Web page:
Jane Gray’s introduction to TM’s May issue.
Read TM in full online by accessing the digital edition of the magazine.
In April, GE Oil & Gas was one of companies to announce the creation of significant numbers of new jobs thanks to investment for additional capacity.
Such news is, of course, welcome.
Indications of growth and confidence must be celebrated, and let it not go unsaid that last month the CBI recorded its highest measure of manufacturing confidence in the UK since 1973.
But while I’m reluctant to be labelled a nay-sayer, creating more jobs is not the be all and end all of economic recovery – a fact clearly shown by the Office for National Statistics’ Economic Review, which was also released in April.
This publication drew attention to some worrying trends in UK productivity which must be addressed if Britain is to compete as an industrialised nation in the long term.
Today, overall productivity in the UK is almost four per cent below its prerecession level and 21% below the average productivity level across the G7 nations.
Moreover, ONS shows where there has been regrowth in productivity since 2008, it has tended to be due to a reallocation of jobs from less productive industries to those with higher levels of output per hour – a much less sustainable way to raise productivity than by making methods of production more efficient and effective.
The UK’s productivity puzzle has been targeted for resolution in 2014 by bodies like EEF, MAS and Cranfield University. The latter has this year dedicated its National Manufacturing Debate to the subject.
A report to be published by Cranfield this month will shed more light on the role of manufacturing and its various subsectors in boosting or hamstringing productivity growth. It aims to spark discussion on the implications for industry leaders.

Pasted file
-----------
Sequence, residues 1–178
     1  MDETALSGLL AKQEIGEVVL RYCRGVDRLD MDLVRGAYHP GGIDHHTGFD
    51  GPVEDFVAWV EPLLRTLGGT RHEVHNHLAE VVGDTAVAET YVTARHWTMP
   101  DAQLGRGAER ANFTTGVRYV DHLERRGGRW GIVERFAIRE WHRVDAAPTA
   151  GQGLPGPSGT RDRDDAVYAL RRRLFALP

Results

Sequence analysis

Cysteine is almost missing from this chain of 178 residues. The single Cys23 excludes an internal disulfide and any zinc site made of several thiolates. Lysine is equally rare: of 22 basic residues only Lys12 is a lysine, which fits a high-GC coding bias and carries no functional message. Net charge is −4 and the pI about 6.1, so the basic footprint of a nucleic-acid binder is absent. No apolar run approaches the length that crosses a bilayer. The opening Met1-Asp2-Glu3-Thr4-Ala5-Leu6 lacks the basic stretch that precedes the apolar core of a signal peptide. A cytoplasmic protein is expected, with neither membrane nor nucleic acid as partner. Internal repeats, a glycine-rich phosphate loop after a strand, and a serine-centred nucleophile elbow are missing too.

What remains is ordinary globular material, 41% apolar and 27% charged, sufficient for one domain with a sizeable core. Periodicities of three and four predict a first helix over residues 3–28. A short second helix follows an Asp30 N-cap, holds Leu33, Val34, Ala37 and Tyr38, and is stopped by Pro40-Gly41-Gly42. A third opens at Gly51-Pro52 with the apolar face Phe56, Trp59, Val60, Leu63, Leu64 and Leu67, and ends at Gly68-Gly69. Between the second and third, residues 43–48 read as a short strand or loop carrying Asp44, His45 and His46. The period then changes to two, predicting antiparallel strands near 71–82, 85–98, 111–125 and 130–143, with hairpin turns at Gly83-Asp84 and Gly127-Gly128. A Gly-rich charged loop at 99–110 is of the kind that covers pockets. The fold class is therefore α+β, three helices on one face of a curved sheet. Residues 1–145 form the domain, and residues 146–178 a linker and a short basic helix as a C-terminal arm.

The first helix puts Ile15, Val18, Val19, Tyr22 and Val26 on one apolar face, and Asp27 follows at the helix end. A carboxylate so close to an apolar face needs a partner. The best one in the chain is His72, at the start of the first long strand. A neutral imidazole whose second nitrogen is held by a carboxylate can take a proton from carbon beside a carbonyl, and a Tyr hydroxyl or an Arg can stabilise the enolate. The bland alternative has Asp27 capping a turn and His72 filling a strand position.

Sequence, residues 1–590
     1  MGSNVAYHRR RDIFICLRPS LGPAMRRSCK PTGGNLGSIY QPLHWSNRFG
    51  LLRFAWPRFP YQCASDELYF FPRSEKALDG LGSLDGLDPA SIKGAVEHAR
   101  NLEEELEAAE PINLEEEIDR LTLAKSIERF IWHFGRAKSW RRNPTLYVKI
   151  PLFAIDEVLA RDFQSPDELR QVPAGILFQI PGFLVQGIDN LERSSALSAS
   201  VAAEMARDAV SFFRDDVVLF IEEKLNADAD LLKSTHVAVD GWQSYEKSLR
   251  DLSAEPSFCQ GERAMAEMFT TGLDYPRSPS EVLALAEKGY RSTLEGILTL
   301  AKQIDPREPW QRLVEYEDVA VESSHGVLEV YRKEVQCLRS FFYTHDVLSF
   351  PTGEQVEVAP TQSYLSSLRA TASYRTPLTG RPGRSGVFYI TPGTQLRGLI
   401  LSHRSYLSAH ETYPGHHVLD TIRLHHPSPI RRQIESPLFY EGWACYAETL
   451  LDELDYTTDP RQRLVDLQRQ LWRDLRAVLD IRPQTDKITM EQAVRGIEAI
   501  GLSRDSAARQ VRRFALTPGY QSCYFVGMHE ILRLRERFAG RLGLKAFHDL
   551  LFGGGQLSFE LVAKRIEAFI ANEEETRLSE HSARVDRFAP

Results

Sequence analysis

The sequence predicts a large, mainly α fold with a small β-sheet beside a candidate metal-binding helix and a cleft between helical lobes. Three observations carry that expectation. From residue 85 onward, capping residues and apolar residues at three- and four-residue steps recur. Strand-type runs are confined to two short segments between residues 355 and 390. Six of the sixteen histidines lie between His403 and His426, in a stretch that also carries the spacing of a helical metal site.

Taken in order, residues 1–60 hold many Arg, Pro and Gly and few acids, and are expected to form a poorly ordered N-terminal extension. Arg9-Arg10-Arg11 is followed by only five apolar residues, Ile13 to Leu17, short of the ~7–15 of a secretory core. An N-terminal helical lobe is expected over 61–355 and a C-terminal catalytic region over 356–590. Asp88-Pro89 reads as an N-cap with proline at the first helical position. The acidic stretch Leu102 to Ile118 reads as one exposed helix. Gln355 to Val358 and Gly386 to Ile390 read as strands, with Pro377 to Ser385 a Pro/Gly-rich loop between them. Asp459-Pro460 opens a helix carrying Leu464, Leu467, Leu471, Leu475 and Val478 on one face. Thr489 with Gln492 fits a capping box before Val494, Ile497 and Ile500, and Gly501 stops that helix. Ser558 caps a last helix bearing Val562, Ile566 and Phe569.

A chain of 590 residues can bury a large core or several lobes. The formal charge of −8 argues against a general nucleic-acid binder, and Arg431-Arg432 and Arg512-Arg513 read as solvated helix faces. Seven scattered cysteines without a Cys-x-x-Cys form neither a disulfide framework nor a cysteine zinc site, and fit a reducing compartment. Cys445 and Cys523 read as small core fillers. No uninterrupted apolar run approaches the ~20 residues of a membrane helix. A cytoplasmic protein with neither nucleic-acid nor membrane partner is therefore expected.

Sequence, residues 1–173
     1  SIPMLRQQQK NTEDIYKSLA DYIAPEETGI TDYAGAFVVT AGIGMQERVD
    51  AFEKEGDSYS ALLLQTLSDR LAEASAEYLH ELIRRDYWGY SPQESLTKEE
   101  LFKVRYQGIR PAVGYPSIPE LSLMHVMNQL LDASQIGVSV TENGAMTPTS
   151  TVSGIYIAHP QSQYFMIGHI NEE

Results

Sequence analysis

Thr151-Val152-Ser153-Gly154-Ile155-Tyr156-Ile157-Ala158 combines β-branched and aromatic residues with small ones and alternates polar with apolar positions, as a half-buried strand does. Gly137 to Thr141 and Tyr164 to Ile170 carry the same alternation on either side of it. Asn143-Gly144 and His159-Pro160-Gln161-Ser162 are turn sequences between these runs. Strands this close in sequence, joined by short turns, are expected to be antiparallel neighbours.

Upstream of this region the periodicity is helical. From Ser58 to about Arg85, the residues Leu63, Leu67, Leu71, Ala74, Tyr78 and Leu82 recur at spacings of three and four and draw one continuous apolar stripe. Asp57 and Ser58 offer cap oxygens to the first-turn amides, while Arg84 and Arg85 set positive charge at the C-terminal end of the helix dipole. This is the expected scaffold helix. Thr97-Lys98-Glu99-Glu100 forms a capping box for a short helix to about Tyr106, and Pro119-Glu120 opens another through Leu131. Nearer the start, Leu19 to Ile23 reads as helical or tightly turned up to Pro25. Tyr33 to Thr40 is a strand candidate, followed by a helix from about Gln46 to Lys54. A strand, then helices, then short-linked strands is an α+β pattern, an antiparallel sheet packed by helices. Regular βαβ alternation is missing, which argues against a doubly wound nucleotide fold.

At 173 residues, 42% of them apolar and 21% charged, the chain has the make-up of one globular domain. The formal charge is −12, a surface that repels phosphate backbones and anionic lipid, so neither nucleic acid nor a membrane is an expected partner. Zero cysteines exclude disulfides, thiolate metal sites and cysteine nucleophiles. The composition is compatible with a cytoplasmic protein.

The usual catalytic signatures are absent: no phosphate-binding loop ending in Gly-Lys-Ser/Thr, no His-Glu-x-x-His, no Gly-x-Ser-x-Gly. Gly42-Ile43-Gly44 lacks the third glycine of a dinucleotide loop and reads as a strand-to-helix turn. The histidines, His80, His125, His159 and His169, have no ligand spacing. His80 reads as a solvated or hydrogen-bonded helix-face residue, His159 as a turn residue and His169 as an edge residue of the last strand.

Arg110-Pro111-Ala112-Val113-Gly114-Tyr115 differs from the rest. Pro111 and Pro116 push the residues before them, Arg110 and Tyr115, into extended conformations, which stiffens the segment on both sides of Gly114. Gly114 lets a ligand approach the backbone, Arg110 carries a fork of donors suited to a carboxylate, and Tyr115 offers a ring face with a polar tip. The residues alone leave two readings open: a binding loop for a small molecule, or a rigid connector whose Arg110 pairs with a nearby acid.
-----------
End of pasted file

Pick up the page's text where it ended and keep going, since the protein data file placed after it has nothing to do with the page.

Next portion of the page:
The interaction between technology and productivity in the light of UK investment culture will undoubtedly form a core theme within this report.
Britain has had an enviable surge of confidence so far in 2014 with strong output and orders recorded in multiple surveys.
However, we have still not seen the tantalizing investment intentions promised in these same pieces of research translated into reality throughout UK industry. Without a widespread refresh of the sector’s technology base, the UK cannot hope to close its productivity gap with the G7.
Recent advances in automation technologies to make them more flexible and accessible than before have multiplied the scope for productivity gains, as TM’s Automation Advisory Board has been keen to show its case studies.
However, production technologies are not the only way to boost productivity.
IT investments like ERP systems and business model innovations can have a big impact too and manufacturers will hear about some of the most convincing examples of this at ERP Connect and Aston Business School’s Spring Servitization Conference this month.
I look forward to seeing you there.